The Navy mentors are working with 18 teachers from five
Virginia middle school systems throughout the week to
challenge students with scenarios mimicking real engineering
"It is amazing to watch the excitement of
the kids when they complete a mission, or when they learn a
new concept," said Aimee Ketner, an NSWCDD Asymmetric
Defense Systems Department engineer. "I am excited to
provide the kids with my perspective and present them with
information on how to pursue their interests."
"Getting our kids at the middle-school age to see the fun of
discovery and critical thinking is the right step to getting
them to want to learn and do more," said Thomas Holland, an
NSWCDD Engagement Systems Department senior engineer. "One
of the students I mentored once told me that the program,
'made me want to know about things I never wanted to know
about before.' You can't beat that. Inspiring our next
generation of scientific leaders is a way for me to give
back and I am very proud to be part of this effort."
The program teams up teachers with practicing scientists and
engineers such as Ketner and Holland from the mentor-rich
environment at the Naval Warfare Centers. During the school
year, science and math themes featuring robotics problems
are integrated throughout the curriculum.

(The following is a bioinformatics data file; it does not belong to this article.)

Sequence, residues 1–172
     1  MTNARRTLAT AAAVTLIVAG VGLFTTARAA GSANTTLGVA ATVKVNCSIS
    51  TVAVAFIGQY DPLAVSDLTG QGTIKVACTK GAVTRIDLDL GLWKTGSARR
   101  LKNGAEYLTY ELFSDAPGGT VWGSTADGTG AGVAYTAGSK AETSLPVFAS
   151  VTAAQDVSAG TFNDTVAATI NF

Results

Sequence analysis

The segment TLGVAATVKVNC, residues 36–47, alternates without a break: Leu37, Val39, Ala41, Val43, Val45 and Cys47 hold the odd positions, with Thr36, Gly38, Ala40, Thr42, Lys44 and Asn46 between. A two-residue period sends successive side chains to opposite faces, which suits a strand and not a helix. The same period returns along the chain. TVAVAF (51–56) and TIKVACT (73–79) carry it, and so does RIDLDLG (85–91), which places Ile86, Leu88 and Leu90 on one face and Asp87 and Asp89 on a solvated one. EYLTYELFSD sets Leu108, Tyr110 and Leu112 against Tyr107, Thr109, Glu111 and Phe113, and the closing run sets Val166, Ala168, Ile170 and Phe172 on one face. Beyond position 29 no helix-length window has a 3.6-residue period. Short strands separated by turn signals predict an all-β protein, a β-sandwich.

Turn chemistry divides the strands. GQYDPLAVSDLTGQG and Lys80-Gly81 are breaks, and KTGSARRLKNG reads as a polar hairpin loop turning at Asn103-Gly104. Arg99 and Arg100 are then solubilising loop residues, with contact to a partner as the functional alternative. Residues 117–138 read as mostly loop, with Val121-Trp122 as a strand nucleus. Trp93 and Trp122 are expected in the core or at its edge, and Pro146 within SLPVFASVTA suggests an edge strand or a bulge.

the College of William and Mary impacted VDP and the summer
camp by developing a curriculum for students who learn about
STEM at military bases and providing training to Navy
Warfare Center mentors. NDEP's VDP process is more than
students learning how to program robots or build, assemble
and demonstrate the projects. It's also about team building
and is all inclusive.
"It is important to provide
encouragement and stimulation to our young people regarding
the field of science," said Bachman, an NSWCDD Human
Performance in Simulation lead engineer. "The working
environment experience where students can sense the why,
what and how things are done through interaction with
scientists and engineers can benefit them when making their
future career decisions."
NDEP VDP originated under
the Office of Naval Research (ONR) N-STAR (Naval Research -
Science and Technology for America's Readiness), a science
and technology workforce development program launched in
2004 by the Office of Naval Research. It was initiated to
show a diversity of pre-teens and teens that math, science
and engineering are fascinating, fun and socially relevant.
Since its inception, VDP's ultimate goal has been to
establish educational outreach programs at other Navy
research and development centers throughout the country.
The initiative could eventually expand beyond the Navy
and evolve into a national demonstration project
encompassing all Department of Defense laboratories in a
sustained effort to secure the long-term competitiveness of
America's science and technology workforce by hooking more
kids on math and science at an earlier age. As a result, the
number of students earning university degrees in science,
mathematics, engineering, and technology is expected to
By John J. Joyce
Naval Surface Warfare Center Dahlgren
Division Corporate Communications
Navy News Service